Dastur agrees that the layakari (rhythm techniques) is a marvel. But Bhimsen Joshi did not go in for intellectualism, he developed an emotional approach to classical music, appealing to the common man. "I've seen people sitting spellbound for hours.'' When things did not go right, Joshi would make a mid-concert announcement: "I will come again and sing free for you''! Music director Bhaskar Chandavarkar believes that Joshi's charisma rose from the artistic truth in his presentation.
Joshi's craze for fast cars and football (slower cricket came second) is well known. He loved to drive himself across the country on concert tours. "Engine troubles were welcome,'' laughs Dastur. "Gave him a chance to get under the car and tinker with it.'' Deshpande recollects furies on the road. "He'd say, look, that truck is getting ahead, and race to overtake the offender.'' Breakdown on lonely nights? The man just slept in the vehicle until dawn brought help.
"I've seen him as a young music teacher, cycling to my aunt's house in Dharwar to give lessons,'' Chandavarkar recalls, as also the early concerts in Pune. "Did you hear'' Maundarbaje, we'd snicker, because in those days Joshi sang that piece in Suddh Kalyan in almost every recital. He sang only seven to eight raags Purya, Marwa, Malkauns, Miya ki Malhar..." Hindsight tells Chandavarkar that Joshi was building solid foundations for his treasury, establishing the architecture of the raag.'' "The facade looked the same, but each time he took you into different rooms.'' He was witnessing the evolution of a master's style. Later this command of the familiar was to make the singer an expert in rare and mishra raags, many of which are part of vintage record collections today.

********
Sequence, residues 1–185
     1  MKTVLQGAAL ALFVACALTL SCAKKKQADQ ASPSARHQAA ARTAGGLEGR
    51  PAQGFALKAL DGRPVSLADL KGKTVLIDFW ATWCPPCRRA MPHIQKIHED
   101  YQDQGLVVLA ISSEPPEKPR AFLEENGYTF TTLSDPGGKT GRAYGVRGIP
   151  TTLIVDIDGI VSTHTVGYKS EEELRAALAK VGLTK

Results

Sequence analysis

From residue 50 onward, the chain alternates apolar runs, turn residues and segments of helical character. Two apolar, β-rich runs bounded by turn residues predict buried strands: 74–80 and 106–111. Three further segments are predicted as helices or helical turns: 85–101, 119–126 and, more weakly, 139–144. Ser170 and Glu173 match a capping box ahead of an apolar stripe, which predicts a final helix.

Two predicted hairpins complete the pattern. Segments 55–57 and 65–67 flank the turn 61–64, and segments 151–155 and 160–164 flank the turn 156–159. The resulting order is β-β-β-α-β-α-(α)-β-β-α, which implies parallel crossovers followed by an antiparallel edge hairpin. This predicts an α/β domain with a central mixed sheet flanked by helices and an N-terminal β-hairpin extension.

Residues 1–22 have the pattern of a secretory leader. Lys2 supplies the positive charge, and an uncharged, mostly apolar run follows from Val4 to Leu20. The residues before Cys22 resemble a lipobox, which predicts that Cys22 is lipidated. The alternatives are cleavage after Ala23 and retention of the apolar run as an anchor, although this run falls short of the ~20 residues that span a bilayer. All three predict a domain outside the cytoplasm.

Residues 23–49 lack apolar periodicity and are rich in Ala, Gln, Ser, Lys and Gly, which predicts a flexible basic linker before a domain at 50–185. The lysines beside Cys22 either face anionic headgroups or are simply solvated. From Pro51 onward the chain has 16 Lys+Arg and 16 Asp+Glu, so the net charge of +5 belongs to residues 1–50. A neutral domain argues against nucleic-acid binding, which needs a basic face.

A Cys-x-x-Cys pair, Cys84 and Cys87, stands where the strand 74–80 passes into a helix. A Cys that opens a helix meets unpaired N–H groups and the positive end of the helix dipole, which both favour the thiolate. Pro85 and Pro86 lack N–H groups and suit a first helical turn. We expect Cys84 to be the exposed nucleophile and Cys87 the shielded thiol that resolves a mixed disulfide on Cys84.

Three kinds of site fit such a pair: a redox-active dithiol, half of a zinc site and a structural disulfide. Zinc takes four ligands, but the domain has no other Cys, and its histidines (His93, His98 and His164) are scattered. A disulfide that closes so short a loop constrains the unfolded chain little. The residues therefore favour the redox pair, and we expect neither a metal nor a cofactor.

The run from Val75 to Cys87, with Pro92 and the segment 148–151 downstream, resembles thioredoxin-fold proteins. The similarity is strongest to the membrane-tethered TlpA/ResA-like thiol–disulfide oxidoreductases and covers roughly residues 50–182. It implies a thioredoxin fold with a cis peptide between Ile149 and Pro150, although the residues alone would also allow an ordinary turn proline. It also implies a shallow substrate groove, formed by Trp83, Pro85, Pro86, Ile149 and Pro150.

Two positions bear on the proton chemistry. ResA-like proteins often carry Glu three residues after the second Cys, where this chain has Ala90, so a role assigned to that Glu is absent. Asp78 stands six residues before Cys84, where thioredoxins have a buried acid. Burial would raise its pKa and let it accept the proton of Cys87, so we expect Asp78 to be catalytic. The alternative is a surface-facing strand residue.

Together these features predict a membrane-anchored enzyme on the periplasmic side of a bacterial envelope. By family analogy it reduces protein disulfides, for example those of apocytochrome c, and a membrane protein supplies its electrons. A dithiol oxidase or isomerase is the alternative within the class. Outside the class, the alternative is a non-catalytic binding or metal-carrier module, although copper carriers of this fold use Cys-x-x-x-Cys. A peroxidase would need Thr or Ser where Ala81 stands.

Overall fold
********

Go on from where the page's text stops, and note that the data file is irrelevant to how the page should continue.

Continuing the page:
Dastur acknowledges Joshi's stardom as the result of "making changes in his style to captivate people, mind you, without deviating from tradition.'' But no dazzling novelties, no new raag inventions. "He didn't have to don the cloak of modernity to impress people. He did it by diving deeper and recovering profounder aspects of tradition,'' explains Chandavarkar. "His inheritance is of the Sufi and Bhakti cults, of going directly to the people. His "grand guru'' Abdul Karim Khan sought no courts, he went to Miraj with its dargah.'' Joshi follows the Maharashtrian socio-political-spiritual leaders in reaching out to the masses. Besides, he has the theatrical flair dear to the Maratha psyche.
The populist approach and the santvani (songs of saints) programmes brought both accolades and brickbats. And for long Joshi was the target of comparisons with the innovative genius of fellow vocalist Kumar Gandharv. "However, Joshi has a combative, athletic, do-or-die spirit which welcomes competition. He never wanted to lose...''
The stamina was amazing. The man could give a full-fledged concert with a collar round the neck when he had cervical spondulosis. An oldtimer says, "Everyone thought the singing would end after the recent operation for brain tumour. But he sings on. The quality doesn't matter anymore. That Bhimsen sings is a sight to watch. Many burn when his name is mentioned. They would like to occupy his place and become another Bhimsen Joshi. But he doesn't budge, no, not an inch!''
Many say that Joshi is a gharana in himself. But there is disenchantment too. "The voice remains impressive, but the art didn't develop. For many years now he has been static, repetitive and mechanical.'' Critics find his bhajan singing lacking the quietness, which takes you inward.
Two anecdotes reflect the maestro's engaging guilelessness. Once when he was congratulated for having spoken well in a panel featuring colleagues Mallikarjun Mansur and Ravi Shankar, he took the admirer aside and whispered, "I know just how to please these old fogies!''
Once as Joshi sang for a friend, he was amazed by the friend's dog putting its paw into his out flung hand each time he hit the sam (point of return after each melodic improvisation). Convinced that the dog had been a vocalist in its previous birth, thereafter Joshi began to give it special singing sessions! He was to shed tears when the dog died. "Young people have lots of technique, little emotion. They learn khyal in the morning, ghazal in the afternoon, natyasangit in the evening, want to perform at night,'' Joshi observed. The statement reflects the lifetime experience of a sincere artiste. It also explains why Pandit Bhimsen Joshi has survived many of his seniors and juniors in life and in music, weathered criticism and nightmares, to remain one of India's most admired artistes.